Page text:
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Currying requires to return a function. This is not possible with java (no function pointers) but we can define and return a type that contains a function method:

public interface Function<X,Z> {  // intention: f(X) -> Z
   public Z f(X x);

Now let's curry a simple division. We need a Divider:

// f(X) -> Z
public class Divider implements Function<Double, Double> {
  private double divisor;
  public Divider(double divisor) {this.divisor = divisor;}

  public Double f(Double x) {
    return x/divisor;

and a DivideFunction:

// f(x) -> g
public class DivideFunction implements Function<Double, Function<Double, Double>> {
  public function<Double, Double> f(Double x) {
    return new Divider(x);

Now we can do a curried division:

DivideFunction divide = new DivideFunction();
double result = divide.f(2.).f(1.);  // calculates f(1,2) = 0.5
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Now that I've finished my example (developed from scratch) it turns out, that the only difference to missingcodes answer is that I don't use anonymous classes ;) –  Andreas_D May 26 '11 at 7:02
It's missingfaktor, not missingcodes. –  missingfaktor May 26 '11 at 10:04
@missingfaktor - mea culpa ;) –  Andreas_D May 26 '11 at 10:49

One can emulate currying with Java 7 MethodHandles: http://www.tutorials.de/threads/java-7-currying-mit-methodhandles.392397/

import java.lang.invoke.MethodHandle;
import java.lang.invoke.MethodHandles;
import java.lang.invoke.MethodType;

public class MethodHandleCurryingExample {
    public static void main(String[] args) throws Throwable {
        MethodHandles.Lookup lookup = MethodHandles.lookup();
        MethodHandle sum = lookup.findStatic(Integer.class, "sum", MethodType.methodType(int.class, new Class[]{int.class, int.class}));
        MethodHandle plus1 = MethodHandles.insertArguments(sum,0,1);
        int result = (int) plus1.invokeExact(2);
        System.out.println(result); // Output: 3
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Currying a method is always possible in Java, but it does not support it in a standard way. Trying to achieve this is complicated and makes the code pretty unreadable. Java is not the appropriate language for this.

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While you can do Currying in Java, it is ugly (because its not supported) In Java is it simpler and faster to use plain loops and simple expressions. If you post an example of where you would use currying, we can suggest alternatives which do the same thing.

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What does currying have got to do with loops?! At least look up the term before you answer a question about it. –  missingfaktor May 26 '11 at 6:43
@missingFaktor, curried functions are usually applied to collections. e.g. list2 = list.apply(curriedFunction) where curriedFunction might be 2 * ? In Java you would do this with a loop. –  Peter Lawrey May 26 '11 at 6:46
@Peter: That's partial application, not currying. And neither is specific to collection operations. –  missingfaktor May 26 '11 at 6:48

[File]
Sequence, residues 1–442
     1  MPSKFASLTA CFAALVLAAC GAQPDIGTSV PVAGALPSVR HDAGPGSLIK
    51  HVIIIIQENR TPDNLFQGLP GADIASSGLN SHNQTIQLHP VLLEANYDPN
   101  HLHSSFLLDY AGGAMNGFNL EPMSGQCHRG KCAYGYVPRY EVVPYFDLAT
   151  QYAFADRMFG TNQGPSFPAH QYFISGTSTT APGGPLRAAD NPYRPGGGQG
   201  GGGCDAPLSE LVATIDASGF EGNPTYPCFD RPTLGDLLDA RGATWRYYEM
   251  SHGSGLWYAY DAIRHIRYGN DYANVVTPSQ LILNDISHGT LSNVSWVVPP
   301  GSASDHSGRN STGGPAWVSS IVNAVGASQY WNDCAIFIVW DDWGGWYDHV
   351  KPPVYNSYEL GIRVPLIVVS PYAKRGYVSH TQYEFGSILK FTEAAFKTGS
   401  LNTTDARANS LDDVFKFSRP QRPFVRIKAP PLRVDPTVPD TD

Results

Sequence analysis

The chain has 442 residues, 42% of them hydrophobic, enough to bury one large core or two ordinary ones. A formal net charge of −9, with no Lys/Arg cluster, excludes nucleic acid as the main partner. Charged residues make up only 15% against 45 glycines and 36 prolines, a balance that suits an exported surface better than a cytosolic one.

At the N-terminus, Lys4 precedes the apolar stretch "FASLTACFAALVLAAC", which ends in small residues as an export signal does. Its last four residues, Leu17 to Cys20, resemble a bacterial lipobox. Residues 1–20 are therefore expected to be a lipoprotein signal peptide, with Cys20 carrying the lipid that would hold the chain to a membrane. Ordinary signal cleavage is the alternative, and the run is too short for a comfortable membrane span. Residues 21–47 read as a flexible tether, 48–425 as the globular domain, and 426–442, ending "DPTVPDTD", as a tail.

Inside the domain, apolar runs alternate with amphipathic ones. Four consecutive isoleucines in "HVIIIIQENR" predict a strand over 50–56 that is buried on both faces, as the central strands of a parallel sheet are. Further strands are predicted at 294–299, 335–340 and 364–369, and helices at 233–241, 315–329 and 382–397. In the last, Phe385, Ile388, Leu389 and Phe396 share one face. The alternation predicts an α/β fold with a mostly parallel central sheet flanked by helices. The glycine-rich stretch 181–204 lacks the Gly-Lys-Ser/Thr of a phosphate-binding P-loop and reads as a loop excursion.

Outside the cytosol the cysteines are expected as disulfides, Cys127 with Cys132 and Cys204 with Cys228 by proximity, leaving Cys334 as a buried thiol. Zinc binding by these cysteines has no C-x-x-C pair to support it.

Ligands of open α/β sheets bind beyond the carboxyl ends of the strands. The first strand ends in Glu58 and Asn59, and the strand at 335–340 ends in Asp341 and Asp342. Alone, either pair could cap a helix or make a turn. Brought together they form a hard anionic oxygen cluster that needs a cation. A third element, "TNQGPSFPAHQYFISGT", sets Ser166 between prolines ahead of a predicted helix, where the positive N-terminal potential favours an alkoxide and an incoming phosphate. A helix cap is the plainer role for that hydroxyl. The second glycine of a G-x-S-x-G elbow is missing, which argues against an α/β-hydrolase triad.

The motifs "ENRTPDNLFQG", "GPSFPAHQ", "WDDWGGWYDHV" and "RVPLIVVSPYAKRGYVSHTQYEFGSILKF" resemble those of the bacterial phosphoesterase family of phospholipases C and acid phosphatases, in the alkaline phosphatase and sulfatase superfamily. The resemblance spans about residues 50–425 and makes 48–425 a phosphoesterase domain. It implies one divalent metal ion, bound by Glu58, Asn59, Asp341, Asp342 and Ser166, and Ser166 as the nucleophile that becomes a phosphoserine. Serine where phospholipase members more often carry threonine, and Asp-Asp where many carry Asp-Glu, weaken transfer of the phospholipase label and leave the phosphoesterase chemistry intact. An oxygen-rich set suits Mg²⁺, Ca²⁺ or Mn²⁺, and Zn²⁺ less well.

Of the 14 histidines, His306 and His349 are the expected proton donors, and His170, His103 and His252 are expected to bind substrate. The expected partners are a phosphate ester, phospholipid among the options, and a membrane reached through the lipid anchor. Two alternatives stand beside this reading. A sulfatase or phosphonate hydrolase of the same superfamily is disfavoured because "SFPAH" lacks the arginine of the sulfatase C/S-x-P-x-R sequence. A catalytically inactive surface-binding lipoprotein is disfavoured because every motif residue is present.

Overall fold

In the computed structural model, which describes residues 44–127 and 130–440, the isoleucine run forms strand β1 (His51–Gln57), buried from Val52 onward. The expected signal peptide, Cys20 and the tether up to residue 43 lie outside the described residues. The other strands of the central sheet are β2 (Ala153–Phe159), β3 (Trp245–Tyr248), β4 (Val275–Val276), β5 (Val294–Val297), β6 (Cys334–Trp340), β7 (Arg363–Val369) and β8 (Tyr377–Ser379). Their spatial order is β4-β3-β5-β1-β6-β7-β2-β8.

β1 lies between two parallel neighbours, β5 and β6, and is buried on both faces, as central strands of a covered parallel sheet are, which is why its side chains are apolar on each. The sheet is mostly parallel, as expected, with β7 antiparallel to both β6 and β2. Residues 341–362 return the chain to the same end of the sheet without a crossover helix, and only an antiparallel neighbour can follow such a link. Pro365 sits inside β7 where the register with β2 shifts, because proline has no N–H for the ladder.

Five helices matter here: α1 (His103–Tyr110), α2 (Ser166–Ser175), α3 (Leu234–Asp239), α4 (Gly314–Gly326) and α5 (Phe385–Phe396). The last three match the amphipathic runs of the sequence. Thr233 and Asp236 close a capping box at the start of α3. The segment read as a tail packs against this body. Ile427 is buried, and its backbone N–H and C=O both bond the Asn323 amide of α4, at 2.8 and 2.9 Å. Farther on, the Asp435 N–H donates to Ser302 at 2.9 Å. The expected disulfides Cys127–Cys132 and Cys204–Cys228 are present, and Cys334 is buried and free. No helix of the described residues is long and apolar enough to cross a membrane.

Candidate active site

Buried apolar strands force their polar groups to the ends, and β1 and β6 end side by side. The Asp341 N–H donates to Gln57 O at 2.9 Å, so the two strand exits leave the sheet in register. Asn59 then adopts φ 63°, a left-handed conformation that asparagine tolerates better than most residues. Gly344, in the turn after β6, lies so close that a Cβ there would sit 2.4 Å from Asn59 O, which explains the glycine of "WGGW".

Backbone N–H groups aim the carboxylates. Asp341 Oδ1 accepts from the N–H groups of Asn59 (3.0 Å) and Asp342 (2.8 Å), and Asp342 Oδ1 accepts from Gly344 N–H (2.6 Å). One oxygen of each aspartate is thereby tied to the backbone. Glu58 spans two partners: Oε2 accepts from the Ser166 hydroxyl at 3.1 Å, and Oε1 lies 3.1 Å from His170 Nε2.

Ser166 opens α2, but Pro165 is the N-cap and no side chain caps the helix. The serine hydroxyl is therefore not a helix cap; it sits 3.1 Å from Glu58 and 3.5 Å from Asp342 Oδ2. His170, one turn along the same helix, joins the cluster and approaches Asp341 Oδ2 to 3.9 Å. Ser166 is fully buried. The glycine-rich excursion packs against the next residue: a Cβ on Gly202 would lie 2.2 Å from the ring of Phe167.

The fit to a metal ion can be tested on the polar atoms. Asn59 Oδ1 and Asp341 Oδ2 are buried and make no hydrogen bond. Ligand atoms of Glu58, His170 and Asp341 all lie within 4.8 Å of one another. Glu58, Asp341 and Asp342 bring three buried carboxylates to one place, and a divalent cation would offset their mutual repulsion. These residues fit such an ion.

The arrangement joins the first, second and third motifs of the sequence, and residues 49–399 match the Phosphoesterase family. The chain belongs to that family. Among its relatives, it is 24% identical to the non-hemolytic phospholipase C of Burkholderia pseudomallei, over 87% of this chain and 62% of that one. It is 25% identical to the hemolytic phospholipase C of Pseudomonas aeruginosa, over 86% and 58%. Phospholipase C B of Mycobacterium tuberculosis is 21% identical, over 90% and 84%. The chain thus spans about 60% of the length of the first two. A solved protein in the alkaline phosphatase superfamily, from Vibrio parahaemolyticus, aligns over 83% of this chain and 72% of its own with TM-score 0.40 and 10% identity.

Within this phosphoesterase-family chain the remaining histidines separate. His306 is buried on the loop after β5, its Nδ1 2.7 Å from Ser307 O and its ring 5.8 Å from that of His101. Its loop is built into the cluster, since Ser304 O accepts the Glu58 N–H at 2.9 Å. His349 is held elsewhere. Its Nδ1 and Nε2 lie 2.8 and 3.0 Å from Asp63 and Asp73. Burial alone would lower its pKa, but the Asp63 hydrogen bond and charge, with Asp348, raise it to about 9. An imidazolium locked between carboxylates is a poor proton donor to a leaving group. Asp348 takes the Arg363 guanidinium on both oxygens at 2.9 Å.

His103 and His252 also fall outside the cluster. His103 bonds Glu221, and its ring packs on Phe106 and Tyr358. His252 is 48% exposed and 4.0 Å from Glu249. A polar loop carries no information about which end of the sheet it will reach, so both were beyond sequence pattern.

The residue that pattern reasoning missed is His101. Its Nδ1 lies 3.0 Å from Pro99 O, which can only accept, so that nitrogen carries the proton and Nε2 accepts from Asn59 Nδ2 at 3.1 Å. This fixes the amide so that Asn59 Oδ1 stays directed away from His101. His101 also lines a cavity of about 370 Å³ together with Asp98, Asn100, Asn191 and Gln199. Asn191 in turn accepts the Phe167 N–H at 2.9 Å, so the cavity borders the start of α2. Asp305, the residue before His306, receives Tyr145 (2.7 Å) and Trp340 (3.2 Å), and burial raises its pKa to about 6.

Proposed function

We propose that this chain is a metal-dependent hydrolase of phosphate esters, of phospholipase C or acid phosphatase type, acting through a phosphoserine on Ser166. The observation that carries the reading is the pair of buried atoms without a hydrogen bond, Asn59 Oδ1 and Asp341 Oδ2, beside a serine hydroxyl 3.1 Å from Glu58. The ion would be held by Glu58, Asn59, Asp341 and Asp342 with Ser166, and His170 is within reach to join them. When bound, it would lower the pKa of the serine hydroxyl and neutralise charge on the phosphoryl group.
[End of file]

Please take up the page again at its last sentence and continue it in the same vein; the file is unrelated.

@missingfaktor, My point is; not to get hung up on a specific feature but take a step back and look at the wider problem and there is very likely to be a simple solution. –  Peter Lawrey May 26 '11 at 6:51
@Peter: If you want to question the point of the question, you should post your remark as a comment, and not as an answer. (IMHO) –  missingfaktor May 26 '11 at 6:53

Well, Scala, Clojure or Haskell (or any other functional programming language...) are definitely THE languages to use for currying and other functional tricks.

Having that said is certainly possible to curry with Java without the super amounts of boilerplate one might expect (well, having to be explicit about the types hurts a lot though - just take a look at the curried example ;-)).

The tests bellow showcase both, currying a Function3 into Function1 => Function1 => Function1:

public void shouldCurryFunction() throws Exception {
  // given
  Function3<Integer, Integer, Integer, Integer> func = (a, b, c) -> a + b + c;

  // when
  Function<Integer, Function<Integer, Function<Integer, Integer>>> cur = curried(func);

  // then
  Function<Integer, Function<Integer, Integer>> step1 = cur.apply(1);
  Function<Integer, Integer> step2 = step1.apply(2);
  Integer result = step2.apply(3);


as well as partial application, although it's not really typesafe in this example:

public void shouldCurryOneArgument() throws Exception {
  // given
  Function3<Integer, Integer, Integer, Integer> adding = (a, b, c) -> a + b + c;

  // when
  Function2<Integer, Integer, Integer> curried = applyPartial(adding, _, _, put(1));

  // then
  Integer got = curried.apply(0, 0);

This is taken from a Proof Of Concept I've just implemented for fun before JavaOne tomorrow in an hour "because I was bored" ;-) The code is available here: https://github.com/ktoso/jcurry

The general idea could be expanded to FunctionN => FunctionM, relatively easily, though "real typesafety" remains a problem for the partia application example and the currying example would need a hell lot of boilerplaty code in jcurry, but it's doable.

All in all, it's doable, yet in Scala it's out of the box ;-)